[a REALISTIC VIEW ON IRAN] INTERNATIONAL RELATIONS AND GLOBAL POLITICS. UNIVERSITY OF OTTAWA
Globalization is the most commonly used word to describe the increasing interconnectedness between nations. In this modern era, it is almost impossible not to be affected by a global issue in some way or another. For example, the strengthening of airport security and the increased scrutiny was felt by all air travellers after the attacks of 9/11. There are many different theories that scholars adhere to in order to make sense of these issues such as liberalism, Marxism, or constructivism but “realism has been the dominant theory of world politics since the beginning of academic International Relations” (Baylis & Smith, 2008, p.95) which falls under the positivist umbrella. To test the validity and applicability of realism, this paper will analyze Iran’s nuclear program through the lens of a realist to understand why there has been so much tension surrounding their nuclear advancements. Of course, there are many different variations of realism but for the purpose of this paper, a ‘unified realism’ will be used which is explained more in detail later. Ultimately, if realism can reasonably identify and mutually relate some of the key concepts that are found in this global issue, then it will be considered a success.
Much like realism, Iran’s nuclear program has a long and distinct history. The Wikipedia page alone regarding Iran’s nuclear history is over 50 pages long with no less than 400 citations; it is quite extensive to say the least. The history extends back to the 1950s after a U.S. government-aided coup d’etat forced the democratically-elected Prime Minister Mohammed Mossadegh out of office, bringing Shah Mohammad Reza Pahlavi to power (Deluce, 2003). With the help and protection of the United States, Shah Mohammad Reza Pahlavi’s ran a dictatorship-monarchy with strong allegiance to the Americans. The Peace for Atoms program initiated by former U.S. President Dwight Eisenhower is what helped Iran actually construct their first nuclear facility in 1967 but it would not have been possible without the overthrown government. Iran then signed and ratified the Nuclear Non-Proliferation Treaty (NPT), thus becoming subject to verification by the International Atomic Energy Agency (IAEA).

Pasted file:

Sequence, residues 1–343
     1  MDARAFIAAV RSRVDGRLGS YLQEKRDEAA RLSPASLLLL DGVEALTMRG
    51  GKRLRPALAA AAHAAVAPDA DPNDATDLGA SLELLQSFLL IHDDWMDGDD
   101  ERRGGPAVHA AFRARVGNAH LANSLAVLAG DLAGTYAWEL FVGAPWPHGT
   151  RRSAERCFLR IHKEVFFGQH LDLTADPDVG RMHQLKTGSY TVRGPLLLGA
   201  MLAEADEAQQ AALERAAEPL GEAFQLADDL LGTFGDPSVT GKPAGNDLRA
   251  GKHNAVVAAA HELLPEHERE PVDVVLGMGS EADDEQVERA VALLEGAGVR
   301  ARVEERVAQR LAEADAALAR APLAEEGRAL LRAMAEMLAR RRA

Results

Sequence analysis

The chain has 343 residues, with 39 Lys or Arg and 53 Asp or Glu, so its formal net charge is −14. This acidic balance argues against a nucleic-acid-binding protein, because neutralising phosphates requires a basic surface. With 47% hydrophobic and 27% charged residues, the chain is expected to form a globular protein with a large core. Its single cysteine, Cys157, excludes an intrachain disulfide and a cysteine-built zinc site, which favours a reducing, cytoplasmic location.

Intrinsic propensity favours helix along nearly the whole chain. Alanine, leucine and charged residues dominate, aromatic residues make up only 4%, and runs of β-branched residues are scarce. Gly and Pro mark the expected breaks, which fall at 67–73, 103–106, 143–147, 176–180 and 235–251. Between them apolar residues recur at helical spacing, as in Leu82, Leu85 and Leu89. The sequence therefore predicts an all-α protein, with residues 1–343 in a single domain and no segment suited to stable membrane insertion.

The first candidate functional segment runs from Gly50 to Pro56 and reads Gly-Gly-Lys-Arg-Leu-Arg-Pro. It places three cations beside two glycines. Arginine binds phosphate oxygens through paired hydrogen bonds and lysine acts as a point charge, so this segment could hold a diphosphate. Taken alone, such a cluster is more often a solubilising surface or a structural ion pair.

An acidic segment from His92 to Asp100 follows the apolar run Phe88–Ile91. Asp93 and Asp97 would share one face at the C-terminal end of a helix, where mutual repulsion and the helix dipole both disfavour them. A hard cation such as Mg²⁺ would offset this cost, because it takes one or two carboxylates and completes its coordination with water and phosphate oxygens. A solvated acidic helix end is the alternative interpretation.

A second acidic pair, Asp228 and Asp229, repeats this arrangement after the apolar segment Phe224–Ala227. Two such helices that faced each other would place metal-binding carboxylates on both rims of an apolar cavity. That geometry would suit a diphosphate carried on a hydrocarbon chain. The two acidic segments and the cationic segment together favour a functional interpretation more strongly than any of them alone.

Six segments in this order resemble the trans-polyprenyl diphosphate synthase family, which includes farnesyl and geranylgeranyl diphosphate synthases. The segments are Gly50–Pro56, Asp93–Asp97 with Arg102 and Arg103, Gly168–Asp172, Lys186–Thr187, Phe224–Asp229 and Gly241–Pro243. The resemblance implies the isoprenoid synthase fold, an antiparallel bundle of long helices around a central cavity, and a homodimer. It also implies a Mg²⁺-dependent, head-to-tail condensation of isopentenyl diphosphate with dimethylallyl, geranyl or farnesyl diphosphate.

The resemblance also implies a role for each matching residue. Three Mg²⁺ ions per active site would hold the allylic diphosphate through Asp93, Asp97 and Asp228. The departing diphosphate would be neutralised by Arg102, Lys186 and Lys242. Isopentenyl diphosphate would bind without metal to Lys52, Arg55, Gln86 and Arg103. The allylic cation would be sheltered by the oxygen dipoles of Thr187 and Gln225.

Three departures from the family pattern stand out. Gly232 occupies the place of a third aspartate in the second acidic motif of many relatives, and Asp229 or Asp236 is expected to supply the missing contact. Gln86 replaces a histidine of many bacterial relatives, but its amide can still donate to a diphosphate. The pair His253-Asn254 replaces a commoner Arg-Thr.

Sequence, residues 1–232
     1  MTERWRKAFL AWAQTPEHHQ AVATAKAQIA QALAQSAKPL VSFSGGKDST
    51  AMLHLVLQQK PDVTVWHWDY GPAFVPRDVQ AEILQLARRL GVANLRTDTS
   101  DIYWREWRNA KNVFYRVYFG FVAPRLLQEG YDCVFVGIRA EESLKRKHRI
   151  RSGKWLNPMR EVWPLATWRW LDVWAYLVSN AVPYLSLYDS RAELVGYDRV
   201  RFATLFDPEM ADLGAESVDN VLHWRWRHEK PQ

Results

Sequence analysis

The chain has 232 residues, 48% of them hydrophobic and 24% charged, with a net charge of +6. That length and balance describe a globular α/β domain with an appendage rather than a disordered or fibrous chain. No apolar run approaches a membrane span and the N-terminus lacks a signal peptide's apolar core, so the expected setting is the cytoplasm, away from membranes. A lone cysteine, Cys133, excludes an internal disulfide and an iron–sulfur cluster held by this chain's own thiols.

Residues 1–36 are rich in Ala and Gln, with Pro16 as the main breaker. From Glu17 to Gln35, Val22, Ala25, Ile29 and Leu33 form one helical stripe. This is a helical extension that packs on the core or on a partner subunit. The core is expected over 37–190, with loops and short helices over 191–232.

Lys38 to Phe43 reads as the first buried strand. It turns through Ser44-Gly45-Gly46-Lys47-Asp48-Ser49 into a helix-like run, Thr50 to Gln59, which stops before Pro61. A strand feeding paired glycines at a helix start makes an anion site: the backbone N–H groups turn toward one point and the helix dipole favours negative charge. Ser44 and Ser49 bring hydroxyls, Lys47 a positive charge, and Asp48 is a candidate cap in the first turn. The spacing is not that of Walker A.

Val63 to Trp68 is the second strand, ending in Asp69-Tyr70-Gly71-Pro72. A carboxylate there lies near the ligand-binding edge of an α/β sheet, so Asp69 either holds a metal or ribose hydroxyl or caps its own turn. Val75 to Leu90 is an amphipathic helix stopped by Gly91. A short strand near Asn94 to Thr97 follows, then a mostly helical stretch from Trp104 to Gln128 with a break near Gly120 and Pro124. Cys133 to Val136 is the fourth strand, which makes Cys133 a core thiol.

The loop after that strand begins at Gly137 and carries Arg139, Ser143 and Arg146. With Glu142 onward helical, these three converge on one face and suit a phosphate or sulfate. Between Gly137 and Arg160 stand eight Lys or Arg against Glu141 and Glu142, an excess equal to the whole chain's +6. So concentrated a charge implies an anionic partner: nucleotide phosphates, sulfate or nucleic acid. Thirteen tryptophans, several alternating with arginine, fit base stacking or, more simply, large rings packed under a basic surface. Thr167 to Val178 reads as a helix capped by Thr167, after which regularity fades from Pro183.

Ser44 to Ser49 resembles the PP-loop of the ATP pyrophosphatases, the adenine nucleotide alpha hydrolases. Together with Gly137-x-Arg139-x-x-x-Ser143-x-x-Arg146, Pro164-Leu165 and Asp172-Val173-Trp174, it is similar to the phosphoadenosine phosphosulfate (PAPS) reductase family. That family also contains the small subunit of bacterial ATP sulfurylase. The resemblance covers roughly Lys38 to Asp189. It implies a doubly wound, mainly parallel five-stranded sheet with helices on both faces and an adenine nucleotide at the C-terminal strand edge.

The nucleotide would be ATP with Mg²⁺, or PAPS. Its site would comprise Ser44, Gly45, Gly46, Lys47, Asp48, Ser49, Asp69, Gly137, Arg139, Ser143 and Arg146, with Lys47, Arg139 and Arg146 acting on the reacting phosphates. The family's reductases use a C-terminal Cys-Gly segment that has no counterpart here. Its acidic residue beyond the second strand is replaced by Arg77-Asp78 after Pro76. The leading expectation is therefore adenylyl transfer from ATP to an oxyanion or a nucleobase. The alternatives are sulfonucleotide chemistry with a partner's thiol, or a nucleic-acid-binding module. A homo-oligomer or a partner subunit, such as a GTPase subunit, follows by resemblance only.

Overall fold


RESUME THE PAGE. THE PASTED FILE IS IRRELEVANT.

Iran revolted against the Shah in 1979 due to his intimate partnership with the United States (Del Giudice, 2008). The leader of the revolution became head of state and promptly informed the IAEA that Iran was to restart nuclear operations; this time without aid or permission from the United States. It took 30 years but ultimately, after a long and tumultuous process, Iran finally became a “nuclear-state” on February 9th, 2010 (Philp, 2010). Iran announced that it was enriching at well over 20% but had the capacity to produce at 80%, the amount needed to produce weapons of mass destruction. This was cause for concern for all nations as Iran’s relative and absolute power had been increased.
Realists believe power is fundamental in International Relations as it manifests itself in all three core elements of realism: statism, survival, and self-help (Baylis & Smith, 2001, p. 150). Statism refers to the way realists view the state as the primary actor; in other words, the state has all the power. Because the state is innately sovereign, it is autonomous in its decisions and thus has all the power to make and act on decisions without any overarching authority to regulate or punish the state. This type of system is considered anarchic and was first recognized in 1648 at the Peace of Westphalia (Gabel & Bruner, 2003) and is now referred to as the Westphalian system.